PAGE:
Justin Rose picked an interesting way to decompress.
Most guys would be kicking back in a hammock, swaying and suspended between a pair of palm trees in a Bahama breeze.
Instead, Rose, the world No 5, is in the middle of a working holiday of sorts. After finishing play this week at the Abu Dhabi HSBC Golf Championship, he is entered in next week's European Tour stop in Qatar, too.
"My view is, these two weeks are the middle of my off-season," he said. Rest, relaxation and remuneration?
Rose padded his lead to two strokes with a third-round 68 yesterday at Abu Dhabi Golf Club, and he may be hard to catch.
"He had a great year in some very big events," said Denmark's Thorbjorn Olesen, who will play alongside Rose in Sunday's final round. "I don't think he's going to come back to us. So we'll have to go out and be aggressive."
Rose's style can best be described as passive-aggressive. He has repeatedly said that he is using the week more as a dress rehearsal to gauge the state of his game as he enters 2013, not as a do-or-die proposition in the event he cannot hold the lead. That said, he is fully aware that others won't be evaluating the week in quite the same laid-back context.
"I'm a marked man to the rest of the field," he said. "But at this point, it's just a position and I've got to go finish it off."
Don't think he won't do it. Rose is 12 under and only three others are within three strokes of the lead. He had five birdies in a six-hole stretch on the front nine to seize the lead and looked utterly composed.
"Every time I had a club in my hand," he said, "I thought I was going to hit a good shot."
Rose is seeking to win in wire-to-wire fashion, a feat he has already accomplished on the US PGA Tour. Based on his exemplary form of the past few months, there is no reason to think he is going to fold.
Note to those in arrears in the scoreboard: over his last four rounds in the UAE, dating to the Race to Dubai finale in November, he is 22 under.
"He played really steady," said Spain's Gonzalo Fernandez-Castano, Rose's partner on Saturday. He noted that Rose three-putted the first hole, but "apart from that, he played flawless golf. His game looks so easy".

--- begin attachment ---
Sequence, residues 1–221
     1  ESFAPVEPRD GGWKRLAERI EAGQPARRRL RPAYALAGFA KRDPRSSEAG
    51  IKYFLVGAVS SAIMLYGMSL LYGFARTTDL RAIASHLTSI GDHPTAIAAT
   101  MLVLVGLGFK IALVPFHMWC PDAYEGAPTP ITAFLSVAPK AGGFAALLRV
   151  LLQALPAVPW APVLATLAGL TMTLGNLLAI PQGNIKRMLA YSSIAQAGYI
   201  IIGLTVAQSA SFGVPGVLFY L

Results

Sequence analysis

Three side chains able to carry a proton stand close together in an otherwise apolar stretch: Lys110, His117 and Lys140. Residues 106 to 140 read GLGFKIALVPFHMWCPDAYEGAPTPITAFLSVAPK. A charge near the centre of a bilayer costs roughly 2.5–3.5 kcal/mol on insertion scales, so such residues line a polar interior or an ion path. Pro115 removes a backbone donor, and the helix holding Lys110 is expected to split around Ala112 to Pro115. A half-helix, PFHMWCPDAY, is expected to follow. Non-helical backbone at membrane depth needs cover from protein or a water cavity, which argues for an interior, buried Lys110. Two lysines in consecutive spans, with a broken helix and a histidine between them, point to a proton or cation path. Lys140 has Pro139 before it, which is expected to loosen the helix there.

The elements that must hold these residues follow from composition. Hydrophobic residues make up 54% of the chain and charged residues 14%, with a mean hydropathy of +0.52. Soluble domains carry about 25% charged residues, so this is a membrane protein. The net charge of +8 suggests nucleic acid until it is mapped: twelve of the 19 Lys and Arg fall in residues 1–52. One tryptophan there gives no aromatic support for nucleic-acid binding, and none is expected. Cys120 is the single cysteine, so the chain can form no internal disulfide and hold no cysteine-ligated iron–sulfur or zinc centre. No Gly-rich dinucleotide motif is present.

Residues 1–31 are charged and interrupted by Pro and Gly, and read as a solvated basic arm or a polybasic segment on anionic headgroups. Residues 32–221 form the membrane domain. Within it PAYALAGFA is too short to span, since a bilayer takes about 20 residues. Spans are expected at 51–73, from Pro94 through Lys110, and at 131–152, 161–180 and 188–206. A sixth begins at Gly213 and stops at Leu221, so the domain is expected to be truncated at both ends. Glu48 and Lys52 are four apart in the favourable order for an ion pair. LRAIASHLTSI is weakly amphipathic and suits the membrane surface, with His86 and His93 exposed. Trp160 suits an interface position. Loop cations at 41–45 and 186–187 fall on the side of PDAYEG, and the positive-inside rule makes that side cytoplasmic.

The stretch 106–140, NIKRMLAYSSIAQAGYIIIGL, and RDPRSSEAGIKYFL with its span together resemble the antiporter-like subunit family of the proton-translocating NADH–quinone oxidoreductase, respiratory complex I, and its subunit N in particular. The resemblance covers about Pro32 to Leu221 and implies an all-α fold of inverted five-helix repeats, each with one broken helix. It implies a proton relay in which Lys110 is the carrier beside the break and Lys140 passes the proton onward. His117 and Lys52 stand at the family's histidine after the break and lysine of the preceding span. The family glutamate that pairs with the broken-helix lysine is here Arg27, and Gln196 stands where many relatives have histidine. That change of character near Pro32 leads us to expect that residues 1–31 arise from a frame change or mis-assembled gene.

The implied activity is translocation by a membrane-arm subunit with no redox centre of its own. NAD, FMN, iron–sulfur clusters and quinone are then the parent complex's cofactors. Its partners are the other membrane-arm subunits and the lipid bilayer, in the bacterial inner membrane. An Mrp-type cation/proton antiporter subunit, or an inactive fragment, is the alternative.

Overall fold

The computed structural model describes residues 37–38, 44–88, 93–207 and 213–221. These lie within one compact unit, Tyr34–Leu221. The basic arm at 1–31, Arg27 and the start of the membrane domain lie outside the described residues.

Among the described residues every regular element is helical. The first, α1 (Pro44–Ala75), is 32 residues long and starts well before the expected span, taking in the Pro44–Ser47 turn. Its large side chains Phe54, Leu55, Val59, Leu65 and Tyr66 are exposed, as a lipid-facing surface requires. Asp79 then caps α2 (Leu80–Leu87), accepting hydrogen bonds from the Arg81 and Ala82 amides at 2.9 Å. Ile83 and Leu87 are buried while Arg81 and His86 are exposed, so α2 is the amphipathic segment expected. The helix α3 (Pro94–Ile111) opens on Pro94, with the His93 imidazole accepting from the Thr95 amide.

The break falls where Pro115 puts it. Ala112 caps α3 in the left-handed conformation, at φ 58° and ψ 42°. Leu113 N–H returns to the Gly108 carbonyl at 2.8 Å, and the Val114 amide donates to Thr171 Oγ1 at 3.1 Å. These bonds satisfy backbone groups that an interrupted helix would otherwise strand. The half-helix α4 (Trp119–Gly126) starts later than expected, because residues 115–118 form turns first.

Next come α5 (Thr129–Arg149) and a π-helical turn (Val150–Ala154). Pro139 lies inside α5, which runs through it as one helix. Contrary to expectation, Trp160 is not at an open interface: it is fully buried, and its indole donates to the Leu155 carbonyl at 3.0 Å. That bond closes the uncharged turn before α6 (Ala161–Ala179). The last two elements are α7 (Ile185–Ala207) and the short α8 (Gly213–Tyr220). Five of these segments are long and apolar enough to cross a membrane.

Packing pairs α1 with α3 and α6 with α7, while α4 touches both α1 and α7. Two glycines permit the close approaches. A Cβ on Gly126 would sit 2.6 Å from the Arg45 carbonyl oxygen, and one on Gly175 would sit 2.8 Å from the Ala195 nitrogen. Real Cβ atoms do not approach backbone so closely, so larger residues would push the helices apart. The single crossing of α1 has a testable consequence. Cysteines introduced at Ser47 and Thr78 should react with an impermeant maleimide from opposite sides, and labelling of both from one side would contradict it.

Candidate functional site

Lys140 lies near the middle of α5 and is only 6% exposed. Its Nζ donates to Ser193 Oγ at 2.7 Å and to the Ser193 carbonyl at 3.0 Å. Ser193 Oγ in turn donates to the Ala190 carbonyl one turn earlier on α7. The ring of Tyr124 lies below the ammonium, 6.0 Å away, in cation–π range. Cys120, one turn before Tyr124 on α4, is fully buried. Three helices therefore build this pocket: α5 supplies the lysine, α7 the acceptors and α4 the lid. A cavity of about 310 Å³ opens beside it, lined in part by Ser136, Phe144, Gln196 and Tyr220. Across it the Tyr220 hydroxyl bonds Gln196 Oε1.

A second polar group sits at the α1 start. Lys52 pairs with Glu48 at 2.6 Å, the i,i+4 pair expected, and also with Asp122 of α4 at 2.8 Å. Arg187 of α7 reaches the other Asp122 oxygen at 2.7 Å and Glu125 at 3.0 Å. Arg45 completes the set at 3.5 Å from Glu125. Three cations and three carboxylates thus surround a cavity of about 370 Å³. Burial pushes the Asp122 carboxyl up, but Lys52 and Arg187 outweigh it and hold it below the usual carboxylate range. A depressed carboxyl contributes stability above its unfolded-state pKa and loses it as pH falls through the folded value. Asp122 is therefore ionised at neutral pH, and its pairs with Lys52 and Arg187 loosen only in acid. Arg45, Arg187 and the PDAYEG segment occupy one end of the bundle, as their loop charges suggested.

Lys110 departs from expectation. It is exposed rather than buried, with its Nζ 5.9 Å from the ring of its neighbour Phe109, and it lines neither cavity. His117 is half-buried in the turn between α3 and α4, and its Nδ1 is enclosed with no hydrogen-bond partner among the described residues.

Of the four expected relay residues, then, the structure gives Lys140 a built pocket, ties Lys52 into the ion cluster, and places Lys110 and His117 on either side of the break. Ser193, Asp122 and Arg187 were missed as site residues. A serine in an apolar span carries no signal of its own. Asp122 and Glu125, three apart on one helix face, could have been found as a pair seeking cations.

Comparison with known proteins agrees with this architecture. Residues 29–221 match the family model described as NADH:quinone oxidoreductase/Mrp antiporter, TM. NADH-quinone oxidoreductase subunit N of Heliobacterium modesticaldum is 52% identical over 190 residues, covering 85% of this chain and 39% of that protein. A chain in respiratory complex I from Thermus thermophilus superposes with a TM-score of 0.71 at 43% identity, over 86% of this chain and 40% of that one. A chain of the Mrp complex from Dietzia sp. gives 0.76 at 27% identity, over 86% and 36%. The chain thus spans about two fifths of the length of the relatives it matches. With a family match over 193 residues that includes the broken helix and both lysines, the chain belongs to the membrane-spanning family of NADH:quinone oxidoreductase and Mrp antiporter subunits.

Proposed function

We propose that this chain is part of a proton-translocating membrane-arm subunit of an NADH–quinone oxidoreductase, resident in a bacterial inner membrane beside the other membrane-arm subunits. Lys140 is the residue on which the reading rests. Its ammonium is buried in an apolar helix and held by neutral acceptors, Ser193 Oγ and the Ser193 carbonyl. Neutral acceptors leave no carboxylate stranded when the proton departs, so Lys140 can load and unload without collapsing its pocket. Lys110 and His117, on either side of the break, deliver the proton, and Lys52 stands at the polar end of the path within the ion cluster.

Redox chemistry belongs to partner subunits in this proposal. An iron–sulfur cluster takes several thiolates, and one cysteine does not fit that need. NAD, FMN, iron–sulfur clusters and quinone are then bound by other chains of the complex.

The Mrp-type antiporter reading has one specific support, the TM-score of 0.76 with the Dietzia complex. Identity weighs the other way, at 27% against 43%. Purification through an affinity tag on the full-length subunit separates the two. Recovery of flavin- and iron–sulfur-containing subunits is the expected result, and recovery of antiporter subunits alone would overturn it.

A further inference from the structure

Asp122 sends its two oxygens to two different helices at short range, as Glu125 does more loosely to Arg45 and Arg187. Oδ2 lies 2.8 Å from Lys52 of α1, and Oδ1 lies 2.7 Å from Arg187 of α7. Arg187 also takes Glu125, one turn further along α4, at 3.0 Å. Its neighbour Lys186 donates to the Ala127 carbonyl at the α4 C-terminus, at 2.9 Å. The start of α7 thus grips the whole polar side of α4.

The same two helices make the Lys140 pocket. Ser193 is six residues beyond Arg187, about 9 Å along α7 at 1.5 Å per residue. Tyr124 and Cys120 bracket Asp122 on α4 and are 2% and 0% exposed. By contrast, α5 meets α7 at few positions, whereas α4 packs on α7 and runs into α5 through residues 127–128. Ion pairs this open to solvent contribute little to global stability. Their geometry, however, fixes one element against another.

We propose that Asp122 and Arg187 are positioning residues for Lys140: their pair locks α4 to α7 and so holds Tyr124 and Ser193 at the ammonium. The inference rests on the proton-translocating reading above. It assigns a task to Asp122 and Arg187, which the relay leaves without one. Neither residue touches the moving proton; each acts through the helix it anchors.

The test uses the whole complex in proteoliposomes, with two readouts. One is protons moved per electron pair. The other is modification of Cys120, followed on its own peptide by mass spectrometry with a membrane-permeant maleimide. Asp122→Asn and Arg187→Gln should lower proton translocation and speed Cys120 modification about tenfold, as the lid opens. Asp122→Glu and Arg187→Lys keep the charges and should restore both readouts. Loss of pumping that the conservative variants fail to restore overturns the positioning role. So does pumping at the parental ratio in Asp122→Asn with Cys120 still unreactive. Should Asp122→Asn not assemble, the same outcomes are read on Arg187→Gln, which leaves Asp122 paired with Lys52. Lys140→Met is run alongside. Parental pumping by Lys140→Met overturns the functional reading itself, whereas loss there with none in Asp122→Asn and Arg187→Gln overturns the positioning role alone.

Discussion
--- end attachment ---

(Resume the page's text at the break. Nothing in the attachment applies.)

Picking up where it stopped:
In Rose's last six starts of 2012, only once did he finish outside the top 11, and in that span, he finished second at the mega-money finales of both the European and PGA tours.
Moreover, there's one victory that isn't on his world-ranking sheet, because it wasn't technically an official event. He won an eight-man match-play tournament last autumn in Turkey, and while that doesn't sound like much of an achievement, he beat Tiger Woods in the semi-finals and Lee Westwood for the title, two former world No 1s.
Who is poised to steal his thunder on Sunday? Of his three closest pursuers, only one has amassed more than a single victory on the European Tour. None of the players possessing the best CVs threw a scare at him on Saturday, including the three-time event winner Martin Kaymer, the world No 11 Jason Dufner or the teen prodigy Matteo Manassero, who all began the day within arm's reach.
For once, maybe Rose will get his just desserts in the desert.
In his biggest victory, last year at the Cadillac Championship in Florida, Rose was overshadowed when Woods limped off the course and straight to his car in the middle of the final round, then bolted. Two times over the years in Dubai, including at the season finale last November, Rory McIlroy, the reigning world No 1, beat him in tight duels down the stretch.
Both of those players missed the cut on Friday, leaving Rose as the top-ranked man in the field. He is certainly playing to his quantified reputation. He is being chased by, among others, the former Thai military paratrooper Thongchai Jaidee, who, like everybody else, needs Rose to have a major chute malfunction.
Rose, seemingly entering his prime at age 32, won the European Tour Order of Merit in 2007 and has since become a steady winner in the States, where he makes his home. Now the father of two young children, the former English wunderkind, who had some serious setbacks early in his career, is all grown up. His game has matured just as nicely.
"Perhaps there was a day when he thought he was good," said Mark Fulcher, now in his fifth year as Rose's caddie. "Now it's my impression that he believes he's a good player. From what he says to me, it's about a journey to see how good he can become."
This particular trek could include two memorable weeks in the desert.
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